That is why, from day one, the Modi government has worked to undermine the university on both fronts. First, they appointed a pliant vice chancellor, Mamidalla Jagadesh Kumar, to destroy JNU’s traditions of collegiality and democratic governance, and tie down its faculties in bureaucratic rules. From there, the VC moved on to undermine every department with highly questionable appointments.
At the political level, the BJP and the Central government – with the collusion of the Delhi police and pliable media – launched an attack on the students. The first targets in 2016 were student activists framed on false charges like sedition. This is when the idiotic phrase ‘tukde tukde gang’ was introduced and its use industrialised across the right-wing corporate media. Next, the ambit was widened to tarnish the whole of the JNU student population as anti-national freeloaders. And then came the full-fledged assault on the right of poor students to even come to JNU: by announcing a hike in hostel fees a few months ago.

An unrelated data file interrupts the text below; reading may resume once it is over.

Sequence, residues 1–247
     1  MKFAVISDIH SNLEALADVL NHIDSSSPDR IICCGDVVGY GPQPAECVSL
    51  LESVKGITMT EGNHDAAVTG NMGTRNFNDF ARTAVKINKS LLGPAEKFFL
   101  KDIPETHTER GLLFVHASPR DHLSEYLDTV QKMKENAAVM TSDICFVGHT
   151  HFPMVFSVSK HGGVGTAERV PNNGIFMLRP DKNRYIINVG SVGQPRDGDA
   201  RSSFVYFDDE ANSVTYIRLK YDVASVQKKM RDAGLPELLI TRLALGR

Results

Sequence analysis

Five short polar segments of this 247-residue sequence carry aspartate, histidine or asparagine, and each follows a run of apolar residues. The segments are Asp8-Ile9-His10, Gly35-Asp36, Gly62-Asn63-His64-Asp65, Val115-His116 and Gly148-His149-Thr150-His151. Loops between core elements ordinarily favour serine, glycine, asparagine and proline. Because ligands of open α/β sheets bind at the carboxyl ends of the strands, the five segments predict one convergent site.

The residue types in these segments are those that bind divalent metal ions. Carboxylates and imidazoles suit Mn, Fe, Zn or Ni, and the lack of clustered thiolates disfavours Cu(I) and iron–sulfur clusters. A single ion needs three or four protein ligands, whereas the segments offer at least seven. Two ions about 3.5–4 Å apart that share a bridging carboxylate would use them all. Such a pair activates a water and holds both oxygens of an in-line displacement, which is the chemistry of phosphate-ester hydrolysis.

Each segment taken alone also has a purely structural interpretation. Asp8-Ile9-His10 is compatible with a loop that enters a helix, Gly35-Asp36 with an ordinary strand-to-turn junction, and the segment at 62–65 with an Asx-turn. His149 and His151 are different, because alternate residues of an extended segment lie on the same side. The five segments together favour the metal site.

Cutting across political lines, JNU’s students resisted the fee hike. But presumably because of pressure from the RSS and BJP, the Akhil Bharatiya Vidyarthi Parishad (ABVP) detached itself from the movement and started taking the side of the administration.
Connecting the dots
By linking Sunday’s violence to the fee hike and the movement by students to oppose the registration process for the new semester, the JNU VC has helpfully connected the dots. It is now apparent that the masked thugs who were allowed to attack the students protesting the fee hike were a last desperate throw of the dice by an administration and a government unwilling to admit defeat at the hands of students.